Chromatic aberration is controlled well across aperture sizes, reaching a tolerable two pixels at f/22. A drive motor handles the autofocus speedily and accurately, so don’t expect the customary sluggishness you’d see from other low-cost Sony lenses. Finally, the SEL85F18 85mm F/1.8-22 can create a wonderfully shallow depth of field with creamy bokeh that puts subjects first while rendering the background free from distractions.

What’s Bad About It?

The SEL85F18 85mm F/1.8-22 doesn’t handle direct exposure to sunlight well. There are no lens flares, but it experiences a drop-off in sharpness and considerable hazing. Vignetting is also a problem at high f numbers. You can get rid of most lighting discrepancies when editing, but the effect will still be noticeable.

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Tech Specs
Dimensions: 3.1 x 3.1 x 3.2 in.
Weight: 13.1 oz.
Type: Fixed telephoto
Focal length: 85mm
Maximum aperture: f/1.8
Minimum focus distance: 2.6 in.
Viewing angle: 29°
Image stabilization: No
The Pros
Excellent value for the money
Quiet and responsive autofocus
High maximum aperture that produces beautiful bokeh
Sharp and free from distortion
The Cons
Prone to hazing when shooting in direct light
Pronounced vignetting at large aperture sizes

3. Sigma 14-24mm f/2.8 DG DN Art

Sigma 14-24mm f/2.8 DG DN ArtView on BH

Editor’s Rating: 4.7/5

Sigma’s award-winning Art line carries the best ultra-wide zoom lens for Sony’s excellent full-frame camera. The 14-24mm f/2.8 DG DN Art is built to last and has no trouble keeping up with the a7III’s sensor. It’s also among the brightest wide-angle lenses with an aperture of f/2.8 regardless of focal length.

Overview of Features

You’d expect a wide angle lens to be bulky and make your camera front-heavy, but the 14-24mm f/2.8 DG DN Art is slim and unobtrusive for its category. Its body is made from a mix of polycarbonate and metal. The weather sealing is superb as the lens is resistant to water and dust. It’s also coated with fluorine, which helps with maintenance since this prevents smudging and causes water to slide off.

The lens has responsive zoom and focus rings with rubberized knurling for better grip. There’s a switch to toggle between focusing modes and a focus lock button. You can remap the button’s function to something like turning Eye AF or other frequently-used settings on instead. Getting a subject into focus is swift and noiseless, with minimal hunting even in low light.

This lens excels at landscape and city photography but can hold its own for portraits and quasi-macro shots too. The latter two offer a refreshing take as the subject is framed surrounded by much background. Wide angle lenses aren’t renowned for their bokeh. Even so, the 14-24mm f/2.8 DG DN Art produces unusually smooth blurring at higher apertures, letting you create artistic pieces with ease.

The lens handles chromatic aberration well. It’s non-existent at most f numbers and consistent throughout the focal range. Sharpness is excellent as well and best between f/5.6 and f/11. You’ll want to avoid compositions that include the sun because of lens flares, but cranking the aperture down to f/22 does produce eye-catching sunstars.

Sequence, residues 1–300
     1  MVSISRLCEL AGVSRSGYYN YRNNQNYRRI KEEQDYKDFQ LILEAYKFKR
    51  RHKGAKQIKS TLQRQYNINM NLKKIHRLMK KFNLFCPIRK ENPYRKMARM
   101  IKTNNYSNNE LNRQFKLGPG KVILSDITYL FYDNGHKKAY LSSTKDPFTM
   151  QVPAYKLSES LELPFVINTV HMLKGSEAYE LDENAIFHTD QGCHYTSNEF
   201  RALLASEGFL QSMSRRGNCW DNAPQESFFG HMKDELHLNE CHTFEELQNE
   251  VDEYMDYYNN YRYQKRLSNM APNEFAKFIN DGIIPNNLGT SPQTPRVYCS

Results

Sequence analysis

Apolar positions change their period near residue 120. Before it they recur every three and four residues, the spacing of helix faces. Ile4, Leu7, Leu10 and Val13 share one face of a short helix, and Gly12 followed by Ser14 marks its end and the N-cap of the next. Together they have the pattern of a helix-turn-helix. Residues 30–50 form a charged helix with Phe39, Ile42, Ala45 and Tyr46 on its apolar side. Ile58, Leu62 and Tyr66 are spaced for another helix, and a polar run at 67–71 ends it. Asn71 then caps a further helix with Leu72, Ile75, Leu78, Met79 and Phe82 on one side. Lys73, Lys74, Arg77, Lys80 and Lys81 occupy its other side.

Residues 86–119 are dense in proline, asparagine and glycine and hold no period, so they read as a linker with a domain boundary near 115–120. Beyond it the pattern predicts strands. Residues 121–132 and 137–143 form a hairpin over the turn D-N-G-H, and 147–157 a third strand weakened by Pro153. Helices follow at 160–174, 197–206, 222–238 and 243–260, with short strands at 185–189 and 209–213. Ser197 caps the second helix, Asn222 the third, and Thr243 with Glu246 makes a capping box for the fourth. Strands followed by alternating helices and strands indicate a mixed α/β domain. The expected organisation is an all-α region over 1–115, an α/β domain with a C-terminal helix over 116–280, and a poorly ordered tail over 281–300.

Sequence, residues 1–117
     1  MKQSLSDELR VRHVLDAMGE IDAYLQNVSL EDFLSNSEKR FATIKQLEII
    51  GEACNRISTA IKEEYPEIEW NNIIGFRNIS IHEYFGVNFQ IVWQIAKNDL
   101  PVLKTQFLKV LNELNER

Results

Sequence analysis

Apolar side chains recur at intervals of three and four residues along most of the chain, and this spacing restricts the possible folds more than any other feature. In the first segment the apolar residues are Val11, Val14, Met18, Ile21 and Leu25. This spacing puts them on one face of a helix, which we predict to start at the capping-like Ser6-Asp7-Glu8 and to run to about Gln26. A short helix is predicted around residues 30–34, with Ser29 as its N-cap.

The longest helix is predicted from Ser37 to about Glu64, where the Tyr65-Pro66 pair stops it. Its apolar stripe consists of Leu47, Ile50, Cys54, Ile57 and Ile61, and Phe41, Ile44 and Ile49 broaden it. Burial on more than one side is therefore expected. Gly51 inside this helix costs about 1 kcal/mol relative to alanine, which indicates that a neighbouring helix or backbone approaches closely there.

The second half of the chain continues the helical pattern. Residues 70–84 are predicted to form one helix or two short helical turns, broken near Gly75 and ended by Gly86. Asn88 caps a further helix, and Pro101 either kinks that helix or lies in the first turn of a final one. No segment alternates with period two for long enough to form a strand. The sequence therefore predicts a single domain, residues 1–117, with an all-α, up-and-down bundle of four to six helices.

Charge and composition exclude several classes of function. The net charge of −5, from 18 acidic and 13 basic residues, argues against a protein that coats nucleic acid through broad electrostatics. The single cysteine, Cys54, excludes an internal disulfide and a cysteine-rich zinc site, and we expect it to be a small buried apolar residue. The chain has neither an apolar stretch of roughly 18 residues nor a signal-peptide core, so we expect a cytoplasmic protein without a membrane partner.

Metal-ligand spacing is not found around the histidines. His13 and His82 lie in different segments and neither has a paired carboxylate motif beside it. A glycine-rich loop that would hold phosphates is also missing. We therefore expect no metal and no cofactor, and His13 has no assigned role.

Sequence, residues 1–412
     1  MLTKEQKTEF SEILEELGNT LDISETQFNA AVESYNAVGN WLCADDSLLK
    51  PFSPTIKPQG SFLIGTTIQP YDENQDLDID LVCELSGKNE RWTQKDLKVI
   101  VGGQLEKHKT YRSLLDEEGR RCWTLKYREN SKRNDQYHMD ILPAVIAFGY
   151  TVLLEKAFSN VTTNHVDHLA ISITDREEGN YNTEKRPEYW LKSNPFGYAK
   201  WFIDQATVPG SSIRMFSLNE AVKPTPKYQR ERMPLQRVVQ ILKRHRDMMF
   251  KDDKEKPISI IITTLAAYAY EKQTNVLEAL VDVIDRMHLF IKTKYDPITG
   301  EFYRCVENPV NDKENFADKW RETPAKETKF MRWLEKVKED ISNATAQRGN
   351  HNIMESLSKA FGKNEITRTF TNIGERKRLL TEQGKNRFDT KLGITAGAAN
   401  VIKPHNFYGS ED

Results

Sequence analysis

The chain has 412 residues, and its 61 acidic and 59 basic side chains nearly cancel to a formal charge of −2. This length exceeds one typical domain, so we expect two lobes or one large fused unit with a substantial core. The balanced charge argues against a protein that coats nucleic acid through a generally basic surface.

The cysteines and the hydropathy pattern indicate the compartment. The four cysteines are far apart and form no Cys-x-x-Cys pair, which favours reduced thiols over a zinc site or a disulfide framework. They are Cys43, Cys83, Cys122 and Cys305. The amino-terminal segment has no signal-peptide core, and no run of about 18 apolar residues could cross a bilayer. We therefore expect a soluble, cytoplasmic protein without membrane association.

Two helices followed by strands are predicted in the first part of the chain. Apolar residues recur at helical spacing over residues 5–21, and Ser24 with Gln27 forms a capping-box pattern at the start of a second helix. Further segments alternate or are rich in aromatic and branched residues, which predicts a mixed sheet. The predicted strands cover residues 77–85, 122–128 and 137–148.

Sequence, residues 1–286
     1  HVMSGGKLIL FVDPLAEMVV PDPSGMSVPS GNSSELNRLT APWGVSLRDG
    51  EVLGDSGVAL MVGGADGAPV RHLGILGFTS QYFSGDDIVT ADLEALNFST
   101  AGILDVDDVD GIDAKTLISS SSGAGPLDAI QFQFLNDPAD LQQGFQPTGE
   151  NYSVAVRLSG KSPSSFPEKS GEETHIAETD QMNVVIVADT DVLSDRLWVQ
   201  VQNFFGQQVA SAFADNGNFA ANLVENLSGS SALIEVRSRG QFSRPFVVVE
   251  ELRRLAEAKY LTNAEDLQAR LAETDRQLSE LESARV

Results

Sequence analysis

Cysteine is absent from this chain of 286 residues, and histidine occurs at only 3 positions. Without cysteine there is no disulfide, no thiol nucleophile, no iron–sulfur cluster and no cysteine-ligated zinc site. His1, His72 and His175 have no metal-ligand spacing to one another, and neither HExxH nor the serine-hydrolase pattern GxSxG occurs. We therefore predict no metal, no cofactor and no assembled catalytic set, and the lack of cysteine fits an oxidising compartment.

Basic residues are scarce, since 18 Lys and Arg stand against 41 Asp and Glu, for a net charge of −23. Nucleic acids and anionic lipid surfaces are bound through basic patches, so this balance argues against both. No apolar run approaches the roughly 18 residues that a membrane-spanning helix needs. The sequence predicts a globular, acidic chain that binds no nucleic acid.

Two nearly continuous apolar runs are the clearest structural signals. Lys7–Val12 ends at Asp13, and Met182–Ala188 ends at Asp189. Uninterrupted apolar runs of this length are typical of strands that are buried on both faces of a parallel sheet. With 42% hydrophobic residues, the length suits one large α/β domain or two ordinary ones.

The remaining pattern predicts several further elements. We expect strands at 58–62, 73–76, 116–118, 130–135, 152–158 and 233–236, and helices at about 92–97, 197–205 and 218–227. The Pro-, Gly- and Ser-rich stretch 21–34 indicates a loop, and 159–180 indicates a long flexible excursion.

Are There Drawbacks?

The 14-24mm f/2.8 DG DN Art suffers from pronounced distortion, as do all wide angle lenses. This is manifested as barrel distortion at 14mm and a slight pincushion effect at 24mm. There’s no image stabilization. This is a moot point if you’re snapping landscapes on a tripod, but the a7III’s IBIS might not be enough for run and gun shooting.

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Tech Specs
Dimensions: 3.4 x 3.4 x 5.2 in.
Weight: 28 oz.
Type: Wide angle zoom
Minimum focal length: 14mm
Maximum focal length: 24mm
Maximum aperture: f/2.8
Minimum focus distance: 11 in.
Viewing angles: 114.2° to 84.1°
Image stabilization: No
The Pros
Versatile in spite of being a wide angle lens
Excellent build quality and weather sealing
Quick AF response time regardless of light
Minimal chromatic aberration and vignetting
The Cons
No image stabilization
Pronounced distortion

4. Sony FE 90mm f/2.8 Macro G OSS

Sony FE 90mm f/2.8 Macro G OSSView on BH

Editor’s Rating: 4.5/5

Macro is the way to go when you’re into close-up photography, but the Sony FE 90mm f/2.8 Macro G OSS demonstrates that this is not the only thing it can do. The lens has a focal length that accommodates portraiture under the right circumstances. Its 1.0x zoom factor and reasonable minimum focus distance ensure bugs or small animals won’t be frightened before you take their picture.

Overview of Features

The Sony FE 90mm f/2.8 Macro G OSS is another large and heavy lens. It doesn’t look as comical attached to the a7 III as Sony’s telephoto lens, and its build quality is improved thanks to an aluminum body. The lens is resistant to dust and moisture and has a fixed length. It doesn’t move when focusing, so you can attach and use polarizing filters. There are physical controls for image stabilization and three levels of focus limiting.

This is one of the leading E mount lenses in any category when it comes to sharpness. Subjects are tack sharp no matter the focusing distance, and the resolution decrease towards the edges is tolerable. The Sony FE 90mm f/2.8 Macro G OSS is another lens that handles color fringing exceptionally well. Discoloration is visible only in cases with pronounced contrasts between light and dark.

Bokeh quality is one of a macro lens’ defining features, and it’s right on the money. You’ll notice the cat’s eye effect when using f/2.8. Everything smaller than that leads to smooth concentric circles and pleasingly blurry backgrounds. You can even snap subjects from a distance with a blurred landscape serving as the backdrop to get unusual yet welcome results.

What’s Bad About It?